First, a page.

Square dancers swing into 50th year
Published 12:00 am Sunday, October 28, 2001
&uot;Do-si-do, and away they go.
Sunday, October 28, 2001
&uot;Do-si-do, and away they go.&uot; Ballroom dancing in area pavilions may have nearly faded away; yet there’s one form of this musical activity which is still an important part of life for area couples and singles: square dancing.
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This month the members of the Grapevine Twist Square Dance Club are observing their 50th anniversary. And during the past five decades the club members have held their lively dances at several locations in and around Albert Lea.
A club history in the 1988 Freeborn County Heritage book written by Mrs. Elwood Hestness says Grapevine Twist was organized by employees of the Universal Milking Machine Division. This part of National Cooperatives had been moved from Milwaukee to Albert Lea. In the late 1940s and early ’50s square dancing, a type of American folk dancing based on four couples in a square formation was very popular. The company sponsored several square dances for its employees.
Ray Wendel, a project engineer for the Universal firm, was the caller. He was the person who controlled how the couples moved around the floor for these dancers and other groups in the area. Several dances were held in Hollandale, Hayward and the Morin Park tennis courts.
On Sept. 12, 1951, a meeting at the Wendel home resulted in the formation of the Grapevine Twist Square Dance Club. The first club officers, according to Hestness, were Dutch Van Proosdy, Eva Hill, Harry Schuyler and Bob Feeley.
From 1951 to August 1956 the club members held their dances at the Riceland Township Hall in Lerdal.
Hestness wrote, &uot;They danced every Saturday night until April 1952 when they established first, third and fifth Saturdays. Square dancing was relatively new in the area and the members learned the hard way, for there were no classes at that time. … The club outgrew its quarters at Lerdal and moved to the sixth floor of the Lea Center Building in August 1969 and changed to second, fourth and fifth Saturdays. They moved to the YM-YWCA (Family Y) in March 1977 …&uot;
Present officers of the Grapevine Twist Square Dance Club are: presidents, Allen and Millie Paulson of Ellendale; vice presidents, Bud and Doris Janssen of Northwood, Iowa; and treasurers, Floran and Connie Peters of Albert Lea.
For the past four years or so the club members have been doing their square dancing at the Sons of Norway Lodge. These events take place on the second, fourth and fifth Saturdays of the month from 8-10:30 p.m. There are no dances the weeks of Christmas, New Year’s and Easter.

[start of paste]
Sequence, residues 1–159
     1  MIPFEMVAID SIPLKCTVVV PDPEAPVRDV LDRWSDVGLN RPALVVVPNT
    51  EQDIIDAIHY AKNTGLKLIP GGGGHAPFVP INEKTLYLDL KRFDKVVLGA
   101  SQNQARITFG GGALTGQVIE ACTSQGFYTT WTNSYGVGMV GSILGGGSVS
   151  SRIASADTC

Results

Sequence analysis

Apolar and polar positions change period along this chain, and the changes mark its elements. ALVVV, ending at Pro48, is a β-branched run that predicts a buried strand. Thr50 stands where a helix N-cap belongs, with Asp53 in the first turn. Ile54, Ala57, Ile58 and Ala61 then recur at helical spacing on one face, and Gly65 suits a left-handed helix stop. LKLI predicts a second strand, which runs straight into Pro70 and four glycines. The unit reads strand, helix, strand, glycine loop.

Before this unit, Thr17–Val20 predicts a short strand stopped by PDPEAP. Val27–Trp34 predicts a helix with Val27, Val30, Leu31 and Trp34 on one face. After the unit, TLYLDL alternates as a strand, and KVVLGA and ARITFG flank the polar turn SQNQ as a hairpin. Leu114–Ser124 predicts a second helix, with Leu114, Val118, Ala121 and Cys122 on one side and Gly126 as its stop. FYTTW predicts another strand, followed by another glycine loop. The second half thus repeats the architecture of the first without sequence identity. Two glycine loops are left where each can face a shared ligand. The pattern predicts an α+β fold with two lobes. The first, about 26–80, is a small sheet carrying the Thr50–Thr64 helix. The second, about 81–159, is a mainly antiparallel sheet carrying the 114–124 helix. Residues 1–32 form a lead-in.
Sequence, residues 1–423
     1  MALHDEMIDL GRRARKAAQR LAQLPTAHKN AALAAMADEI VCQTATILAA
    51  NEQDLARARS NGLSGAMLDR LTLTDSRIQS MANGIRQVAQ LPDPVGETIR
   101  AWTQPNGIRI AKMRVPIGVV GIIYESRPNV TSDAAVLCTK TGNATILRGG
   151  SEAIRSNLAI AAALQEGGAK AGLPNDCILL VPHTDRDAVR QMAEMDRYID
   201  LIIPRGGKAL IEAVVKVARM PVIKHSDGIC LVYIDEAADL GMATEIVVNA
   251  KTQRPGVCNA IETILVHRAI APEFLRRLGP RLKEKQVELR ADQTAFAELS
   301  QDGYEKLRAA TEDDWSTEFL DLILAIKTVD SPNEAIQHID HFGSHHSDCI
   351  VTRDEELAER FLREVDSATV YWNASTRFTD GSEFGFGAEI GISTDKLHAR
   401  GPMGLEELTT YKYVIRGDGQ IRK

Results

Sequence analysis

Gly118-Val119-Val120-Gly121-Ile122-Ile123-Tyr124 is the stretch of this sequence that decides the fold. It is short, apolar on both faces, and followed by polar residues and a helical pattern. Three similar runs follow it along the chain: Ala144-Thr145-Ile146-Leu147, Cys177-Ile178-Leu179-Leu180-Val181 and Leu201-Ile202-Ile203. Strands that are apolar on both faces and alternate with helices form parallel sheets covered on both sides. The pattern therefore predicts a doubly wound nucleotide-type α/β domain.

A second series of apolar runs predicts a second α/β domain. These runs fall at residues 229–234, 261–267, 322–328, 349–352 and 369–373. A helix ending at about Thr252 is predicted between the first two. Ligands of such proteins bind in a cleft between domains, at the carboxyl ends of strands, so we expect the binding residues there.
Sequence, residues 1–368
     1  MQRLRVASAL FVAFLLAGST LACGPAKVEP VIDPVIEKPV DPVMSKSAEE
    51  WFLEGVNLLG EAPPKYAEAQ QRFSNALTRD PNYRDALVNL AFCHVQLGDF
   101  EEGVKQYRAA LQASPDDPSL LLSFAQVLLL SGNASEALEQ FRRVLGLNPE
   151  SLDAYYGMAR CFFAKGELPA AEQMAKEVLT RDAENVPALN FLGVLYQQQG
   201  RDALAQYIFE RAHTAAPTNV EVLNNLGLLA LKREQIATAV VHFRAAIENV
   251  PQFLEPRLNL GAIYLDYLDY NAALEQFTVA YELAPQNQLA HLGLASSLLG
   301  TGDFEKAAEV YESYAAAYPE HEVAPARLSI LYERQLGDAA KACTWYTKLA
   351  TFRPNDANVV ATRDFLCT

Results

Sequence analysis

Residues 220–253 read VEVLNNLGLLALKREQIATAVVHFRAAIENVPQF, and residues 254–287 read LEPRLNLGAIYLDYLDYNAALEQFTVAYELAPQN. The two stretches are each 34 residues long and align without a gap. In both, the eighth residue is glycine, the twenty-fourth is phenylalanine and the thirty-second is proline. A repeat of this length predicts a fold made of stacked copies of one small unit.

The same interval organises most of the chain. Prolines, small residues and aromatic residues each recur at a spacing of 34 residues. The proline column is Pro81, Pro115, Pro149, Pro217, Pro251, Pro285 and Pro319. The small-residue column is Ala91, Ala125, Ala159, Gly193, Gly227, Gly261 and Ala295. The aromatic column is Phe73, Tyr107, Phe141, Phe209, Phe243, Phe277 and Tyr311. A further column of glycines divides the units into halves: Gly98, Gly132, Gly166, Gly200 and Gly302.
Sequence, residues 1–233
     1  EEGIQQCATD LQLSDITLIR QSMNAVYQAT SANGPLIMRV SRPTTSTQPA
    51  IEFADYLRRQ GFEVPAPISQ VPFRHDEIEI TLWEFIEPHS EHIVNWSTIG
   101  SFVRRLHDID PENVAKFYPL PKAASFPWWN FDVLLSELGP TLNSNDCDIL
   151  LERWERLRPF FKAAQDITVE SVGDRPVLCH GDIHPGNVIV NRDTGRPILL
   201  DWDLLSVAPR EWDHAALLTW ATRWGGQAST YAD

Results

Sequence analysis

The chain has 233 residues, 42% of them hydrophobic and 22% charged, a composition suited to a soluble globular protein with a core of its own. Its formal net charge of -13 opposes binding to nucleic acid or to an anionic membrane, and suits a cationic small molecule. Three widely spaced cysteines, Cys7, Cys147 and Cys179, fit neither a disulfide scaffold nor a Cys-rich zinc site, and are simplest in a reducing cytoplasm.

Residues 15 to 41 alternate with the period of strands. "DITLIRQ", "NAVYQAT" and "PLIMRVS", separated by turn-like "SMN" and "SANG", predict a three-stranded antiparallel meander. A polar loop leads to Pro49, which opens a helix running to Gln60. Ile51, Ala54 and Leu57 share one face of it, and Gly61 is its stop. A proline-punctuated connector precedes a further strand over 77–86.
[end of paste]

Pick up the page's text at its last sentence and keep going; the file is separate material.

This type of dancing is based on the formation of four couples in a square with two head couples and two side couples.
The dancing consists of MS, or main stream, which consists of 50 to 60 moves based on the caller. Near the end of the evening a &uot;one plus&uot; adds another 20 moves. There are also line and round dances.
After the dancing sessions are completed, the evening ends with a potluck, pie night, or several variations of food and/or refreshments.
The Grapevine Twist club is a member of the southeast division of the Square Dance Federation of Minnesota, This division consists of six clubs in Rochester, two clubs in Owatonna, and clubs in Faribault, Kenyon, Dover, La Crosse, Wis., and Albert Lea.
Earl and Irene Christensen of Albert Lea have been square dancers since 1984. He says there are about 40 couples presently participating in Grapevine Twist organization activities.
&uot;You take lessons for about four months to learn the calls and moves,&uot; Earl explained. &uot;Then when the caller calls a move, you just do it.&uot;
Millie Paulson adds that this reaction to whatever the caller calls just becomes automatic for the couples.
Music for the square dancing, plus line and round dances, is provided with recordings. The callers at the Grapevine Twist events include Les LaLone of Hawkeye, Iowa, Wayne Kubicek of Owatonna, and Mary Mehus of Northwood, Iowa.
Clothing worn by the square dancers have reflected several fashion trends through the years. For the women, skirts with petticoats and full dresses serve as distinctive dance wear. The men tend to use western-type shirts, denim pants and bolo ties.
Both Christensen and Paulson said couples and singles are welcome to participate and should come to the Sons of Norway barn west of Albert Lea on dance nights to get more information.
The club promotes square dancing with demonstrations at malls, fairs, in retirement homes, at fraternal organizations, and with their special float which appears in at least six parades a year in south Minnesota and north Iowa.
And as one sign on the float proclaims, members of this 50-year-old club continue to &uot;Swing Into Shape With Square Dancing.&uot;